Valliance Bank Supports Mental Health

At Valliance, we believe our neighbors living with mental illness deserve access to the same financial opportunities and resources as everyone else. We believe in inclusivity and diversity, and we’re committed to creating a more equitable financial future for everyone.

Valliance is committed to supporting our customers and employees living with mental illness through several initiatives.


We support our own employees through access to mental health insurance, employee assistance programs, and wellness programs offered by our insurance providers.



In addition to a generous PTO policy, Valliance employees can work with their supervisors to arrange remote or hybrid schedules so they can take time for anything from a recital to a mental health day.


We advocate for mental health and those living with mental illness all year long by supporting Calm Waters, The Virtue Center, The Ladder Alliance, Bethesda, and other mental health, addiction, and relief organizations.


Our Commitment

Valliance Bank's vision is to be recognized as a leading community bank in Oklahoma and Texas, which provides the best and most innovative financial services that will create value and enrich the lives of our customers, employees, shareholders, and the community we serve.


We are dedicated to upholding this mission by creating a healthy, flexible, and supportive environment for our employees. We believe in creating an equitable society where our neighbors living with mental illness have access to the same financial opportunities and resources as everyone else so that they can live a healthy, financially stable life.

Mental Health in the Banking Industry

We know that folks living with mental illness have often faced roadblocks when trying to open bank accounts, get financial help, or obtain credit cards and loans. It wasn’t until 2008 that the Americans with Disabilities Act started including mental illness under the term “disability.”

But even with legal protections, people with mental health conditions still face challenges, like higher unemployment, poverty, and debt. This can make it challenging for them to get financial assistance due to low credit scores or little income. At the same time, the neurodivergent community – which includes people with conditions like ADHD, autism, and dyslexia – faces its own unique set of obstacles. While some experiences might overlap with those of people living with mental illness, it’s essential to recognize and address their different needs.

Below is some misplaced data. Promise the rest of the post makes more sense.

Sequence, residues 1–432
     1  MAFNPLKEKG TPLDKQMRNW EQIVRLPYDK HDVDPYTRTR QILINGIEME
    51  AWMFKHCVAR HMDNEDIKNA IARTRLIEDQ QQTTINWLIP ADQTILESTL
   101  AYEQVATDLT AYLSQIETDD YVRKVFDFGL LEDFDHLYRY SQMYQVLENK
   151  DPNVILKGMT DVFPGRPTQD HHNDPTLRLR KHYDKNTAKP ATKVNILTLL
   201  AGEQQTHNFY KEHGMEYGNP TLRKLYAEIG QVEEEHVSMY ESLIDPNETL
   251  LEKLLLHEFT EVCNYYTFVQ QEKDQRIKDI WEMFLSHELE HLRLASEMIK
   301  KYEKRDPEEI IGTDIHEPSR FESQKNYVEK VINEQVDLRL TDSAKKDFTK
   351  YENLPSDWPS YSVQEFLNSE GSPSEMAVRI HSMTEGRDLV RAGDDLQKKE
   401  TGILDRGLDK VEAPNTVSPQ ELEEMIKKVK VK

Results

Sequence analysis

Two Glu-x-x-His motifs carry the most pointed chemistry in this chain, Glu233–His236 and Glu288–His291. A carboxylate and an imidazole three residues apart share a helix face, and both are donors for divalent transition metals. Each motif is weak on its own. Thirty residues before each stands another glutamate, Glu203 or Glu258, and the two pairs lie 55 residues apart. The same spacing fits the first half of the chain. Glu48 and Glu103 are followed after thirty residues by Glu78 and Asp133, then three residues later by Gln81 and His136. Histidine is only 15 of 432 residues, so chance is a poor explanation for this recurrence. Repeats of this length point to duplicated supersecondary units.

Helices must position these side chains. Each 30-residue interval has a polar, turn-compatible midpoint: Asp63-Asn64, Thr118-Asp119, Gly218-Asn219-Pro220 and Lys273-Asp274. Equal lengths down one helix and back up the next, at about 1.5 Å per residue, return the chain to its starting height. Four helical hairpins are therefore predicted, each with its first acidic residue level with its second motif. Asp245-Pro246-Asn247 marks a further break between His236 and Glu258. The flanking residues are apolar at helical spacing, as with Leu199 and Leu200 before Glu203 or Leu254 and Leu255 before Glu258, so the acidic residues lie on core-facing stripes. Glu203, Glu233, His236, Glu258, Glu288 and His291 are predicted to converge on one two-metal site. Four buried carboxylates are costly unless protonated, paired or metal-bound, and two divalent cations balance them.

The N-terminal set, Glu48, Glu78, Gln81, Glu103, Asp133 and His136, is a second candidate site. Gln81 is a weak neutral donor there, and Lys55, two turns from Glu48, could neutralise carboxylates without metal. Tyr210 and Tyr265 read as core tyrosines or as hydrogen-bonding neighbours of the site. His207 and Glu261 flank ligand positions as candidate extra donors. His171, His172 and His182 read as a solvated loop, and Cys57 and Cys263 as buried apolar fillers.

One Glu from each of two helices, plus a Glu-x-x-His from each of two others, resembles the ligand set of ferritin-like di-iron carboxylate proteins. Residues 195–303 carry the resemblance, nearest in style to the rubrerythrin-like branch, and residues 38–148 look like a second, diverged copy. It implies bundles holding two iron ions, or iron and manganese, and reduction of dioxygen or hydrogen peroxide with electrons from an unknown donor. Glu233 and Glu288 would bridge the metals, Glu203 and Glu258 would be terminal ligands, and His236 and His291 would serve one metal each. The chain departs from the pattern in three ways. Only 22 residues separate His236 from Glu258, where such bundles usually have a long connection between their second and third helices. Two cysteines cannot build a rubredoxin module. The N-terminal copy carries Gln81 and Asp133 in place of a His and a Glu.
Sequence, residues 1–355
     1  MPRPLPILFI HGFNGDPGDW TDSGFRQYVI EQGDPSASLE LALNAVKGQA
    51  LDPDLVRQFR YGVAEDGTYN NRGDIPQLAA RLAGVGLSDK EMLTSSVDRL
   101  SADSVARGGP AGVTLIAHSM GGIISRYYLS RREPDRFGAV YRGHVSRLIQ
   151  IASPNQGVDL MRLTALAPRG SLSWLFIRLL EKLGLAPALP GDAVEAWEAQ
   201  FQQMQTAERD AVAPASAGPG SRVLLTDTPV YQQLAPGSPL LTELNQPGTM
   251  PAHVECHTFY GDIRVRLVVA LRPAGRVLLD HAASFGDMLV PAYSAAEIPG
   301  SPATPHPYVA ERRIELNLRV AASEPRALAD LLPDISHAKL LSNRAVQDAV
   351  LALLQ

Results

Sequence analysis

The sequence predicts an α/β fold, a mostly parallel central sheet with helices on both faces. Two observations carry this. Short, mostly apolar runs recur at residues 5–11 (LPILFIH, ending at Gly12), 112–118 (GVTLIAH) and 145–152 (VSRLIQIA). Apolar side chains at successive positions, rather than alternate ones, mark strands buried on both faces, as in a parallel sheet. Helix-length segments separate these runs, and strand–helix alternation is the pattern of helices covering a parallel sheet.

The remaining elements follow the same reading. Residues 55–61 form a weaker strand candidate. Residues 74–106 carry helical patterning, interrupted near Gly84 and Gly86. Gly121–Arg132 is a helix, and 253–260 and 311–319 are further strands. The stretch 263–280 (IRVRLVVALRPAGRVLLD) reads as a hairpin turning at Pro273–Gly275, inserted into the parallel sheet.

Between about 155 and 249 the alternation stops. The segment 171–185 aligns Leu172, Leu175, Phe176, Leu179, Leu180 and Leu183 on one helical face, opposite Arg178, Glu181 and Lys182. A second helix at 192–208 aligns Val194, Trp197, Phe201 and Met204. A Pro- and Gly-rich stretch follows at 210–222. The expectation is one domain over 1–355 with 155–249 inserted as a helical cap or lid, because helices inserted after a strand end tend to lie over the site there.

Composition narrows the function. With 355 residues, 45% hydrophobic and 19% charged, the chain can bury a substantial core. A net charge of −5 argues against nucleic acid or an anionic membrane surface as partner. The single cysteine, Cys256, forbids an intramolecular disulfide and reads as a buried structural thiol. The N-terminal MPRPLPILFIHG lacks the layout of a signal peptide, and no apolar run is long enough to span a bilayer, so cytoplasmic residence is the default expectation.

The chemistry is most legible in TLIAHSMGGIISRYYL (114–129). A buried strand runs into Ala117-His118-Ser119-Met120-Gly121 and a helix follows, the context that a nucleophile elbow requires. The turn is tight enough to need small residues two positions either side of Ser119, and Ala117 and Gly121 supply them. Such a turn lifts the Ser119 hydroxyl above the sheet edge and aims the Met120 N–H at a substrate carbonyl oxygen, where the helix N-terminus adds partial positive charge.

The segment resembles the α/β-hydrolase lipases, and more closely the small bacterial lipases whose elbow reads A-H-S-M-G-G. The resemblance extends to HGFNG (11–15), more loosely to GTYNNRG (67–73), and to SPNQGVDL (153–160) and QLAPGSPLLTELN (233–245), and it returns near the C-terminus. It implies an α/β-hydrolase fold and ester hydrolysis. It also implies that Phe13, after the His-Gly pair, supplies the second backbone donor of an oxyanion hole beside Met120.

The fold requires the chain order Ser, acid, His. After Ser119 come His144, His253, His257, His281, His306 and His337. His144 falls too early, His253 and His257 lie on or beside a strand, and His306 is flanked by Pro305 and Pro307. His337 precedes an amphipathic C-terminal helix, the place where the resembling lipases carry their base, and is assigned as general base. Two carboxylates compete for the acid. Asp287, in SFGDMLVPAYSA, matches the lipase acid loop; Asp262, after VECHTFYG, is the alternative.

Laws like the ADA and the Fair Housing Act have helped protect people with disabilities, including the neurodivergent and those with mental illnesses. But the banking industry still has work to do to support both communities on their path to financial fairness.

Here at our bank, we’re all about creating an accessible, helpful, convenient space for everyone, no matter their mental health or neurodivergent status. We’re dedicated to understanding the unique challenges these communities face, and we actively participate in initiatives and partnerships to ensure we’re a compassionate and well-informed ally. So, let’s work together and make a difference for everyone on their financial journey!

Banking & Financial Industry



Mental Health Trailblazer

Aaron Klein

Aaron Klein is a senior fellow in Economic Studies at the Brookings Institution focused on financial technology and regulation. He has been a leading advocate for financial policies that are more inclusive and supportive of individuals with mental illness, particularly concerning the accessibility of technology. While fintech currently creates many barriers for those suffering from mental illness (and the subsequent financial issues mental illness can cause), Klein believes fintech companies have the potential to create new services that better meet the needs of individuals with mental illness to create a more equitable society.


Mental Health Trailblazer

Brandon Staglin

Brandon Staglin is the president of One Mind, a non profit organization focused on research in advocacy in the mental health space. He also lives with schizophrenia. Staglin and One Mind collaborate with many companies, including financial institutions, to implement mental health solutions in the workplace. The organization has also partnered with financial institutions to create better ways to serve their clients living with mental illness.

“Policymakers need to figure out a way for all people to have low/no-cost access to digital money. Debating whether the Fed should create a digital dollar or businesses should embrace crypto misses the point. What is lacking are not forms of digital money, which are plentiful. What is lacking is cheap access for those without existing wealth. Any new system needs to fix that, or else we are ignoring the very problem many cite as the reason for new forms of digital money: financial inclusion.”

Aaron Klein